Study: Handled well, bad reviews can turn positive

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Researchers with Best SEO Companies polled more than 500 reputation managers to determine how businesses are handling reviews. What they found was that about half (48%) of businesses have assigned personnel to monitor reviews, and of those about one-quarter (25%) try to have bad reviews removed.

The problem is that even bad reviews can contribute to where a business lands in search results. Instead of having bad reviews removed, a better option could be to reach out to the reviewer to determine if something can be done to fix the situation, but to remember that even a bad review is an organic mention of the brand and a chance to improve engagement and brand interest.

In fact, researchers found that 44% of reputation managers have turned a bad review into a positive outcome, something by offering a discount or refund (61%). Other ways businesses have reached out to rectify a bad situation include:

• 50% offered another incentive or a counterpoint to the review
• 48% apologized and asked for a second chance

Another reason not to have bad reviews removed is that bad reviews can be a learning experience for a company. A bad review can instigate product improvements and even culture changes within a company. That’s because 49% say their company discusses negative reviews at meetings.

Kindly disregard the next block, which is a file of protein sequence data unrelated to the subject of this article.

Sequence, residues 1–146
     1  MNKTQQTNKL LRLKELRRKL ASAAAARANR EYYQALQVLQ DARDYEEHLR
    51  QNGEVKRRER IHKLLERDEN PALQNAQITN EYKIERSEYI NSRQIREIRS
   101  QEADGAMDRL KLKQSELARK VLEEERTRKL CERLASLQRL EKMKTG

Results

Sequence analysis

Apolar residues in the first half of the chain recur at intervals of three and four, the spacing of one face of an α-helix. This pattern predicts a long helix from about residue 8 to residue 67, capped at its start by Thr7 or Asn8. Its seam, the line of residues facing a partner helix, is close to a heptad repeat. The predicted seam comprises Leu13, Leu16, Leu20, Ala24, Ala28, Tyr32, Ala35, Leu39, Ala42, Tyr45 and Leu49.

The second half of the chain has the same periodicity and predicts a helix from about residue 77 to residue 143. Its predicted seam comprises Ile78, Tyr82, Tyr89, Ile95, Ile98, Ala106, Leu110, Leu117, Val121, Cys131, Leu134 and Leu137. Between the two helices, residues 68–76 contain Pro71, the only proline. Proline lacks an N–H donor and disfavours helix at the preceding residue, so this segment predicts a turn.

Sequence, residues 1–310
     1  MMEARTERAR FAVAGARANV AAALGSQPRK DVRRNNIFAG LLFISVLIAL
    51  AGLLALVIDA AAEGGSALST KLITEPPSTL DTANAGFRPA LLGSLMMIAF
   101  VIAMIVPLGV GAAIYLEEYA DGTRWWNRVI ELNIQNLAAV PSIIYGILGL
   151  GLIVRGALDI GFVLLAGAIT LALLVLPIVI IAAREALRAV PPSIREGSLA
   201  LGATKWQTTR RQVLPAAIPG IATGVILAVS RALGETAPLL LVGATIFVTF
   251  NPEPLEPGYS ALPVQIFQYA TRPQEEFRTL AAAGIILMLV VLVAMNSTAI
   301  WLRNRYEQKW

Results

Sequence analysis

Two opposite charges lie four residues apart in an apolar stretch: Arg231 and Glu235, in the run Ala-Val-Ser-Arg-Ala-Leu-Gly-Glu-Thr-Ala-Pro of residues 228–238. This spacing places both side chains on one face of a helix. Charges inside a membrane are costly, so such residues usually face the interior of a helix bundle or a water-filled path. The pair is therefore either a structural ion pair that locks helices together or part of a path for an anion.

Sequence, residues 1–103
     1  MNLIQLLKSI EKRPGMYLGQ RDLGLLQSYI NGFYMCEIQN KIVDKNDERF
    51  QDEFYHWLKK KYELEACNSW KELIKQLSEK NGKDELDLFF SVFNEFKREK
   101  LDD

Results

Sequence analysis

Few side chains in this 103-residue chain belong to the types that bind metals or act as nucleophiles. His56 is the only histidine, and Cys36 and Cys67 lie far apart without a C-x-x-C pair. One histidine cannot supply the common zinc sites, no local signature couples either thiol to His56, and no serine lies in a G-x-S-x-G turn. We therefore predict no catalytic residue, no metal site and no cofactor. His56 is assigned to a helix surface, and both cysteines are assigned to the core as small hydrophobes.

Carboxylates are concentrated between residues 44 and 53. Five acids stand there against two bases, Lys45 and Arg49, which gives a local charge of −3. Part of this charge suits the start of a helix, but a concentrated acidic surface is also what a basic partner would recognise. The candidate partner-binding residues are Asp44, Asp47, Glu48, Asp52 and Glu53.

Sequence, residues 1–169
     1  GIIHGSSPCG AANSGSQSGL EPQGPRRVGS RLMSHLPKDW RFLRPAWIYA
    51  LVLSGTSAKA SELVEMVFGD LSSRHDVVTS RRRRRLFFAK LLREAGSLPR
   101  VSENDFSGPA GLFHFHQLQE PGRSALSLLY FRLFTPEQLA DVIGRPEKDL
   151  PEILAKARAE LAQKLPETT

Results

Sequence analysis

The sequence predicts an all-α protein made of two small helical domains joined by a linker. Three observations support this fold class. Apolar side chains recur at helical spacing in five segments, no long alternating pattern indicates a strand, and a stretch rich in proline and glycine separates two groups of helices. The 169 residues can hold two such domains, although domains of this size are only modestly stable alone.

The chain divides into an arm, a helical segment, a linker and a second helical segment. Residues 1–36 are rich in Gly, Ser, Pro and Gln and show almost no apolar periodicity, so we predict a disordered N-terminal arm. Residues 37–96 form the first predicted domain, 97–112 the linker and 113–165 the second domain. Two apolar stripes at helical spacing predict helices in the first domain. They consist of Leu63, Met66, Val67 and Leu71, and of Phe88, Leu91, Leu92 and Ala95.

There are also drawbacks. Though some companies do discuss negative reviews, about one-quarter say there is no set procedure in place to handle negative feedback, or that their staff doesn’t have the proper training to deal with it.

More data from the report can be accessed here.

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ABOUT THE AUTHOR

Kristina Knight-1
Kristina Knight, Journalist
Content Writer & Editor
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Kristina Knight is a freelance writer with more than 15 years of experience writing on varied topics. Kristina’s focus for the past 10 years has been the small business, online marketing, and banking sectors, however, she keeps things interesting by writing about her experiences as an adoptive mom, parenting, and education issues. Kristina’s work has appeared with BizReport.com, NBC News, Soaps.com, DisasterNewsNetwork, and many more publications.